Brexit, ‘second worst outcome’

LONDON (Reuters) – Boris Johnson’s “oven-ready” Brexit is almost cooked, a year after the British prime minister won a landslide by promising to complete the country’s departure from the European Union and just days before the end of the transition period the two sides finalised a trade deal. Though the compromise avoids painful tariffs and a dangerous rupture in relations, it’s a much harder form of Brexit than Johnson and others envisaged during the referendum of 2016. The costs are about to become clear.
The last-gasp agreement, unwrapped hours before Europe shut down for the Christmas holiday, is a big achievement. If ratified, it will provide a framework for future relations between Britain and the EU covering trade in goods and services, as well as agriculture, energy and fish. The full document, the text of which had not yet been published on Thursday afternoon, spells out standards for workers’ rights, environmental protection and state subsidies. And it sets up a mechanism for resolving future disputes.
Nevertheless, the deal cannot prevent the erection of barriers to commerce that currently do not exist. Leaving the EU’s single market and its customs union an unprecedented act for a developed economy will introduce new frictions to trade. Exporters will face new forms and customs checks. UK-based banks will no longer be able to offer their services across the EU. Trade in stocks and derivatives will depend on the whim of regulatory equivalence granted by Brussels. British citizens will face new restrictions on their ability to work and study in the bloc. Even with a deal, the UK’s Office for Budget Responsibility estimates this will lower UK GDP by about 4%.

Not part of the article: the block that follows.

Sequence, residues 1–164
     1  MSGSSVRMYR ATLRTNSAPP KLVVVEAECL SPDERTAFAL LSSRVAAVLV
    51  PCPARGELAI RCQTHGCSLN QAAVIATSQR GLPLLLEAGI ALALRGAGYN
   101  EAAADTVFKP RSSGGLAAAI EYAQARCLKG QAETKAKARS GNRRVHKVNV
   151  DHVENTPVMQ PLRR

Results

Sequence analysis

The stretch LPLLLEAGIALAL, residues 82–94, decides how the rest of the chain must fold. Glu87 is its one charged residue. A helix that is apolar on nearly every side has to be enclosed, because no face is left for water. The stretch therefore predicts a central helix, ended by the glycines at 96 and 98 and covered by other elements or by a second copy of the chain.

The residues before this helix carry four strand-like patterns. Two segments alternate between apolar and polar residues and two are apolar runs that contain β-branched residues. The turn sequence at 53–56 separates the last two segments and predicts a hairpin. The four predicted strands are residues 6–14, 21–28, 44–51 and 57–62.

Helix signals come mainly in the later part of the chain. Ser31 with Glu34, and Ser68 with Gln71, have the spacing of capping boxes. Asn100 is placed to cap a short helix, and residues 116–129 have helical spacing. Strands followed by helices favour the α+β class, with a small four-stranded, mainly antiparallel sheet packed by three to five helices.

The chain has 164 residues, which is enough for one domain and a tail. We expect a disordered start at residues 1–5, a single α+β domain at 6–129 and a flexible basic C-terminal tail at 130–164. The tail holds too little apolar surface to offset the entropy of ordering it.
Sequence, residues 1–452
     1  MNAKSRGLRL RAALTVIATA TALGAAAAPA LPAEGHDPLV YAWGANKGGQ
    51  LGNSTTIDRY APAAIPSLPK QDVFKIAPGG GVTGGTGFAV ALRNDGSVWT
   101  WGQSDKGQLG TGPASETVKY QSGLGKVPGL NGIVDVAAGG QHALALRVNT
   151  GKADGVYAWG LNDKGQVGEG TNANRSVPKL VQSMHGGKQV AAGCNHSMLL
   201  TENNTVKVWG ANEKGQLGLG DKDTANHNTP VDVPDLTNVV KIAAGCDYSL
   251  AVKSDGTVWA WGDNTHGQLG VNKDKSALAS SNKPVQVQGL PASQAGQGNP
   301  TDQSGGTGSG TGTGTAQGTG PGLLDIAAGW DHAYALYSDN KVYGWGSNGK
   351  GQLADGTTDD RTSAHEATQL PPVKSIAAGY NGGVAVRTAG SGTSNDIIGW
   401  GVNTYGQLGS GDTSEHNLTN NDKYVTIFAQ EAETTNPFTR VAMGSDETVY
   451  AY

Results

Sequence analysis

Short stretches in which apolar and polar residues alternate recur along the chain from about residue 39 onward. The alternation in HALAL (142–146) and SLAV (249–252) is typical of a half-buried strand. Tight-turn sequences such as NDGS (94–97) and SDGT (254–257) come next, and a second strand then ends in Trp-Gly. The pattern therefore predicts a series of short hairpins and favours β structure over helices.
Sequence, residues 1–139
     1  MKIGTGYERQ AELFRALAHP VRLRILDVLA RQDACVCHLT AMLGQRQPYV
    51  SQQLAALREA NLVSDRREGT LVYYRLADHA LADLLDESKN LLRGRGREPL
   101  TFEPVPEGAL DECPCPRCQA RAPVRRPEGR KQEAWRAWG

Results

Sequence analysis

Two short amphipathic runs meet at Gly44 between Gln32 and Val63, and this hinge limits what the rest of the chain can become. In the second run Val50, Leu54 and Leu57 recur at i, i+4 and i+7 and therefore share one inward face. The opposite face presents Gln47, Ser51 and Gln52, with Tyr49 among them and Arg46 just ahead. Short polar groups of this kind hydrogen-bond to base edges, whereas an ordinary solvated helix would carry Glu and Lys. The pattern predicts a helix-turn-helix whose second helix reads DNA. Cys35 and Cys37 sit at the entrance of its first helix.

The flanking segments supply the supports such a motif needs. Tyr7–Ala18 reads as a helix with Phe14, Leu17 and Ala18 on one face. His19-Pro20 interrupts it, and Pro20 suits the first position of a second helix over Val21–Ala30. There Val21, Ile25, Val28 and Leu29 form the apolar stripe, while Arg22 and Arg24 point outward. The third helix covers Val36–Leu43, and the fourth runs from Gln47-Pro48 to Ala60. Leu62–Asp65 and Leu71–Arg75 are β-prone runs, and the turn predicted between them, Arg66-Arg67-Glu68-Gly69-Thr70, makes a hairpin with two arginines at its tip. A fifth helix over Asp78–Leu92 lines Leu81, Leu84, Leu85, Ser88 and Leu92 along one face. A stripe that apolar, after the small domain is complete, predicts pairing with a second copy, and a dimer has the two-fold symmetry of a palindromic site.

The hope for both sides will be that the deal removes some of the political tension from the relationship. In Britain, however, the debate over Brexit will continue. Though Johnson can claim to have delivered on his promise to “Get Brexit Done”, he has barely acknowledged the costs. The government will have to weigh future decisions to relax standards against the risk of EU retaliation, which could mean tariffs. That threat in itself will deter investment.
Four and a half years after the referendum, the benefits to Britain of leaving the EU remain fuzzy. Leaving without a trade deal would have been far worse. But this outcome is only marginally better.

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